b. Allows inter-group relationship improvements
6. Culturally defined goals consistently correlate with reproductive success in more traditional societies
7. Cultural goals associated with reproductive success vary between societies
B. Alternate view of the appearance and disappearance of the EEA
C. Specialized psychological mechanisms
1. example- people have propensity to imitate success and anti imitate failure
- choices of food and mates
D. Future research strategies
1. Combination of many lines of study
a. Psychological mechanisms, with empirical study of exact nature of the EEA, with demographic measures of reproductive
consequences of behavior, etc.
Critical Review Items
A.) Four Interesting or Informative Points Made by the Author:
� The Environment of Evolutionary Adaptation is not limited to the Pleistocene foraging societies.
� After the appearance of agriculture the population increased one hundred fold indicating that maladaptive behavior does not produce population growth.
� One of the major influences in the adaptation of the human mind was the interaction between other people rather than the environment.
� Like Darwin, Irons holds the fundamental belief that by combining many lines of inquiry relating to the Environment of Evolutionary Adaptation we will have a more solid evolutionary science.
B.) Two Arguments Made by the Author that the Panel Disagreed With and/or Required Further Explanation:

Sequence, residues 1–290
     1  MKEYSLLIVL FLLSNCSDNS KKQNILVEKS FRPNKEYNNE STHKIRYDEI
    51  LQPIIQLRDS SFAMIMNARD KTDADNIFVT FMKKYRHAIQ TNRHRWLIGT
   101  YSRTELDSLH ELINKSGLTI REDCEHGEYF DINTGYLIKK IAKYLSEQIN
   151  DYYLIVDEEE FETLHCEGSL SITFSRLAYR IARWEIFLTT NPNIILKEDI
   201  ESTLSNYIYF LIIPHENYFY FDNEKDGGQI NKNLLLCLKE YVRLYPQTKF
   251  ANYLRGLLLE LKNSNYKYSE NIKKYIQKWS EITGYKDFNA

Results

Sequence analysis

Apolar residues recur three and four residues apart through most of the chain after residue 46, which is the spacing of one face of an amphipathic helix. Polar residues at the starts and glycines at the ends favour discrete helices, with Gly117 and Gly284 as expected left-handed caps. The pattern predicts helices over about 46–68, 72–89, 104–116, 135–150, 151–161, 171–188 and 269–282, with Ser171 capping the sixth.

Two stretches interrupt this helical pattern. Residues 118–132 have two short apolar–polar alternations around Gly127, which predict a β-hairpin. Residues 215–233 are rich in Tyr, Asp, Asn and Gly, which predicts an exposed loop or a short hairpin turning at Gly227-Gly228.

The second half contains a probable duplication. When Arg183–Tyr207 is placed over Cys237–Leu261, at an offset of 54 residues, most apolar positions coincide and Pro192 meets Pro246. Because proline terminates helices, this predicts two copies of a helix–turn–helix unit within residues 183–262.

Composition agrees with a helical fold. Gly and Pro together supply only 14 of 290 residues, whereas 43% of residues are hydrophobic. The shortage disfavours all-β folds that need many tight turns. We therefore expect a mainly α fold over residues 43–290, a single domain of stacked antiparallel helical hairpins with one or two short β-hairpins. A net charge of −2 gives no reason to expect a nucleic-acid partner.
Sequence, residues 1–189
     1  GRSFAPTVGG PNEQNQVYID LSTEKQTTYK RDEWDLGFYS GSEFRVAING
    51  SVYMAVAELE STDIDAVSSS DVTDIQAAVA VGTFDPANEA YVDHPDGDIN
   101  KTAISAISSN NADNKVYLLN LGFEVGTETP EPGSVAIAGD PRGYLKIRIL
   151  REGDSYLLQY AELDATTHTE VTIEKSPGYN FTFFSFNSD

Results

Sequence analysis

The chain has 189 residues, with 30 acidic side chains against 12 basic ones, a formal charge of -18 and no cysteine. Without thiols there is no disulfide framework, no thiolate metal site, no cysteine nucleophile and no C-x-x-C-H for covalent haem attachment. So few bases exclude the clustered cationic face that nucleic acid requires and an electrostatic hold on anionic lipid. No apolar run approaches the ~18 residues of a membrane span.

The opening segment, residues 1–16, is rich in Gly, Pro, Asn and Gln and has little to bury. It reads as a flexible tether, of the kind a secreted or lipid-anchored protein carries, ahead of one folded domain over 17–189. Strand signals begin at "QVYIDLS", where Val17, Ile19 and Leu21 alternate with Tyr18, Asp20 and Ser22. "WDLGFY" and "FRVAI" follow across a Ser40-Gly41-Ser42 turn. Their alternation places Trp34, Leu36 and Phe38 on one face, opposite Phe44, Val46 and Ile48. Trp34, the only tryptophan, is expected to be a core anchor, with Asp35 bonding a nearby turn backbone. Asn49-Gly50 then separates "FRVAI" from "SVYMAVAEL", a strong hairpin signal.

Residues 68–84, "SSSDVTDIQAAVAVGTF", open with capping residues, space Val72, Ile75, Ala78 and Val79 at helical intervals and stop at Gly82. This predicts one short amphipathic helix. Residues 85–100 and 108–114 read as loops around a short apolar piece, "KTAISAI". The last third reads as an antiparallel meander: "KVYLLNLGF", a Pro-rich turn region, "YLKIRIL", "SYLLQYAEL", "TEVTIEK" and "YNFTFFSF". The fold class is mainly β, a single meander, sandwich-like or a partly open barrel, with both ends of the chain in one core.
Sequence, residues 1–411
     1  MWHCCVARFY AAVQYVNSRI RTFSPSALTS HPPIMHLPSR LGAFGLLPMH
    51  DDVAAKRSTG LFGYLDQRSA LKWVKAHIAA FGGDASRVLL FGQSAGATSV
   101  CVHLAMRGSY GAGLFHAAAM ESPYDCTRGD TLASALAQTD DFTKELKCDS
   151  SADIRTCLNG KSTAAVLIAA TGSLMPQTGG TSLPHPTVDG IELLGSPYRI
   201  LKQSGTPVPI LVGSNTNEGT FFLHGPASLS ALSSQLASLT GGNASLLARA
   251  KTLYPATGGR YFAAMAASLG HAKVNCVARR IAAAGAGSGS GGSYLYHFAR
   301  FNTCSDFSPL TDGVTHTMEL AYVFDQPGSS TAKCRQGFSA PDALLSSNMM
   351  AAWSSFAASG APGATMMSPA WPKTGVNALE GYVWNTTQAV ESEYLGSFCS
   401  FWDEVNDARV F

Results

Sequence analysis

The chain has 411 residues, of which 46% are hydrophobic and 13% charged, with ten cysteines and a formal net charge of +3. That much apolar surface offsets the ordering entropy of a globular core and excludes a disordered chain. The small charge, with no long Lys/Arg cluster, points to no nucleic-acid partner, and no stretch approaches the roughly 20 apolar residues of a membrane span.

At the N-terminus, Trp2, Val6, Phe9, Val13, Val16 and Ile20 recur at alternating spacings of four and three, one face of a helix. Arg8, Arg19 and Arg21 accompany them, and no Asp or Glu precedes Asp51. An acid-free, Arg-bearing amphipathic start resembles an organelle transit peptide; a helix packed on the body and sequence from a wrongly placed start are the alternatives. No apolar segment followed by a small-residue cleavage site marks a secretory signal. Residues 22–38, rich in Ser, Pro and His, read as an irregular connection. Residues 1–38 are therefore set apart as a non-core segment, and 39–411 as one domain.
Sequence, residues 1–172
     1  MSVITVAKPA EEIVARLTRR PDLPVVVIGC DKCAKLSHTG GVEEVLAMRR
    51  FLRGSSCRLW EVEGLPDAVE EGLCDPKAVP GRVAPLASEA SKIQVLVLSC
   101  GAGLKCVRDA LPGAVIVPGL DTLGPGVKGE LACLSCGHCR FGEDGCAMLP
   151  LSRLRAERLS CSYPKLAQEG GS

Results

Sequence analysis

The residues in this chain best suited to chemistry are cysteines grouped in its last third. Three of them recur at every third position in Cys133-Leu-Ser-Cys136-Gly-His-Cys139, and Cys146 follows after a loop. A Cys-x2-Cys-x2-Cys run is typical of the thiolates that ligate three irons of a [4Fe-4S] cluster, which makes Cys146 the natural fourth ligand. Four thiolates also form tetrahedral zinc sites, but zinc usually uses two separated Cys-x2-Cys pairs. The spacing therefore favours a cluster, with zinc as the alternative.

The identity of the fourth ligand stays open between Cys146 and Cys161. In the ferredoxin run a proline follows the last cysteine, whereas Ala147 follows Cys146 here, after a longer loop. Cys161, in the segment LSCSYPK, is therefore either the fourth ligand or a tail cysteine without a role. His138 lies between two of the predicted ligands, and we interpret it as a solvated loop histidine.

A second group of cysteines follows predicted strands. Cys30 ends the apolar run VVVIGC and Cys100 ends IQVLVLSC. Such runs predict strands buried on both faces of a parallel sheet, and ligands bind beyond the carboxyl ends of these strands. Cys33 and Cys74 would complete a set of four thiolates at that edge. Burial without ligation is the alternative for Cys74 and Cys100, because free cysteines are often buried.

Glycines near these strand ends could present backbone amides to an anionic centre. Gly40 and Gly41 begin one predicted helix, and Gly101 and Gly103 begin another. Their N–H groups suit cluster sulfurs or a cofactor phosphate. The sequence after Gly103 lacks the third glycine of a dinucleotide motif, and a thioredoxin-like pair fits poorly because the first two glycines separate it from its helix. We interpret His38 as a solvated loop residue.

� Irons mentions that environments of the late Pleistocene were not stable and may have been a greater variation in human cultures but he offers no evidence to support this.
� Irons suggests that the Environment of Evolutionary Adaptation began very late in the Pleistocene and extended for many up to about to hundred years ago and for others up to the present day but he has no way of empirically testing this hypothesis.
C.) Three Concepts the Panel Had Questions About or Required Further Explanation:
� Specifically, how do the contemporary traditional societies differ from those of the Pleistocene?
� Which elements of the environment are relevant to the operation of our psyches and how have these elements changed?
� What were the hostile forces that the human mind evolved to cope with and how have these changed since the appearance of modern sapiens?